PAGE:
City considering state lease to create all-hazard training center

Great Falls Fire Rescue has been working since last summer on an effort to create a regional all-hazards training center at its existing facility at 1900 9th St. S.

Last summer, Chief Jeremy Jones testified at a legislative committee in the hopes of getting state funding toward the project.

In the fall, Rep. Kerri Seekins-Crowe, a Republican out of Billings, agreed to carry the bill, Jones said, but a bill hadn’t been drafted as the session started.

GFFR chief working to develop all-hazards training facility

GFFR staff have been gathering letters of support from agencies across Montana in fire, medical, law enforcement and private industry who have an interest in using such a facility.

Earlier this year, Jones, other GFFR staff and other agencies met with the state budget director about the project.

Jones said that GFFR has done the majority of the legwork and been pushing the project forward but have since created a steering committee with representatives from other agencies and private industry who could use the facility.

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They’ve been looking at the operational costs, management and sustainment plan for the facility.

“Everyone understands it’s a need,” Jones said. “Everyone is shocked there’s nothing in the state, or region that we’ve been able to find at the level we need.”

The plan has morphed a few times, but the current idea is for the state to lease the facility from the city for $1 annually for 25 years and the state would invest $25 million into developing the Montana Public Safety Development Center.

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The center would offer year-round training opportunities and will be the first and only multidiscipline, tactical and classroom development facility in Montana.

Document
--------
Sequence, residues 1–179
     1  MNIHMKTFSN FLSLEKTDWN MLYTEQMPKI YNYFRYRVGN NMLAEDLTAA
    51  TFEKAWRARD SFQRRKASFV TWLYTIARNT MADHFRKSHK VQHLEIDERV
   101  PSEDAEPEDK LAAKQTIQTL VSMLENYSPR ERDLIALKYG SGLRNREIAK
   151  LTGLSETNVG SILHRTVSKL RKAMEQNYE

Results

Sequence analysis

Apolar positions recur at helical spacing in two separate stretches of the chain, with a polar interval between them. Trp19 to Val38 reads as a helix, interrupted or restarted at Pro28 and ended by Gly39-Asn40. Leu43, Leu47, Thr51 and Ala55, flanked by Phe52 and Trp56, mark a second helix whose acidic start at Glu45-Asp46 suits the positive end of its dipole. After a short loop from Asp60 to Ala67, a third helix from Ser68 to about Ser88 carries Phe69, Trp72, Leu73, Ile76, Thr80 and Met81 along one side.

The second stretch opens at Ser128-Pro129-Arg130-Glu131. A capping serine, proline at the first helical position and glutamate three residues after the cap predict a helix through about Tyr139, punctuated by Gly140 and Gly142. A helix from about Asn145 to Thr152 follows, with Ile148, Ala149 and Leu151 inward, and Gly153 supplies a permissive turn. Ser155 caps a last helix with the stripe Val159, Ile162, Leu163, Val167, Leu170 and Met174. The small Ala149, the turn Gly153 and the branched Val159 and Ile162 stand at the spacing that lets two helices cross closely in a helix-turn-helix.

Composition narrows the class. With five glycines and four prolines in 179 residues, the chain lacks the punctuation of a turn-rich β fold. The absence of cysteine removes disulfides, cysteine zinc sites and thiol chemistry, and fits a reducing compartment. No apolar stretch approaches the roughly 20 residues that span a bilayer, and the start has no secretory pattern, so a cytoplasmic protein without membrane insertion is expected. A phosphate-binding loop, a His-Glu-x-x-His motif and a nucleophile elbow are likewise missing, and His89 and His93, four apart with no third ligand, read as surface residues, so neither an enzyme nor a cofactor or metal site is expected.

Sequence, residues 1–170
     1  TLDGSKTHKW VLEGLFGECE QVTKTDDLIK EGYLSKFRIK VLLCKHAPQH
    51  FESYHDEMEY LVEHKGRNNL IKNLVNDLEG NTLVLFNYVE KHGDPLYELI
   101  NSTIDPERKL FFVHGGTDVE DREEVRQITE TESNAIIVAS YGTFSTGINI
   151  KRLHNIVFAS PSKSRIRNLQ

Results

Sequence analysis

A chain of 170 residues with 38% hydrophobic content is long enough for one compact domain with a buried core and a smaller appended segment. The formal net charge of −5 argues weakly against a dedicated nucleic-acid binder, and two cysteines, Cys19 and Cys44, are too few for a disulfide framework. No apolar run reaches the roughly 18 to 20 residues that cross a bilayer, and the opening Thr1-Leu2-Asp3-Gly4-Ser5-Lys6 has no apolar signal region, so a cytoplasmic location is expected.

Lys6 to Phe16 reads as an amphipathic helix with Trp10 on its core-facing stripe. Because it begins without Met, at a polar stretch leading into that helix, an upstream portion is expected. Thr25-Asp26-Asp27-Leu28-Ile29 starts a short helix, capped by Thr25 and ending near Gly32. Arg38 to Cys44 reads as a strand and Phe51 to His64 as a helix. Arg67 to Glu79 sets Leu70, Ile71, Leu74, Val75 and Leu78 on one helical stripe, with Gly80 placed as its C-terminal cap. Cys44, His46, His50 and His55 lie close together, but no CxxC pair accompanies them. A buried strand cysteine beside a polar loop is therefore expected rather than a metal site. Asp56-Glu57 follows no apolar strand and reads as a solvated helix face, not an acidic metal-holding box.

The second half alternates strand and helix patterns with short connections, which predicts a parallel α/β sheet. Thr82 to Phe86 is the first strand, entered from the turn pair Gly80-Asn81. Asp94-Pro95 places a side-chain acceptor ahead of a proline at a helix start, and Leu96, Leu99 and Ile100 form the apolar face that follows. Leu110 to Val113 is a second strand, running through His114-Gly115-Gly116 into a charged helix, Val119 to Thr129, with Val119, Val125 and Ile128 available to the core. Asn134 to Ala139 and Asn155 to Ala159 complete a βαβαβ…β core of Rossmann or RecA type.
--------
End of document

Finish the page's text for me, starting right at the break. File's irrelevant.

During their Feb. 7 meeting, City Commissioners will consider approving a letter of intent to the state regarding the project.

Jones said the plan would be to develop the facility with specialty props to help responders train for a wider range of hazards, and potentially a live-round shoot house for law enforcement and a proper burn building for fire agencies.

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The Montana Law Enforcement Academy, which is a requirement for law enforcement officer, can only train so many people annually so the state is looking at creating a two-year associates program that would meet that training requirement.

Jones said Great Falls College MSU and the University of Providence have been contacted about that concept and that the training facility could serve them too.

Jones said the agencies need the props and availability, but if the current plan is approved, GFFR will probably have training chiefs stationed at the facility to cover daily operations under the guidance from the management group.

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He said the Cascade County Sheriff’s Office would also likely station a deputy at the center.

So if agencies are scheduled to train at the center, staff can give the use fee and staff accordingly, Jones said.

With a membership-based cost sharing structure, Jones said they should be able to generate enough revenue to maintain the facility long-term.

The proposed city public safety levy does not address the infrastructure needs at the training center.

“Ultimately, it would be the first of its kind in our state and really in the region,” Jones said. “The potential is amazing.”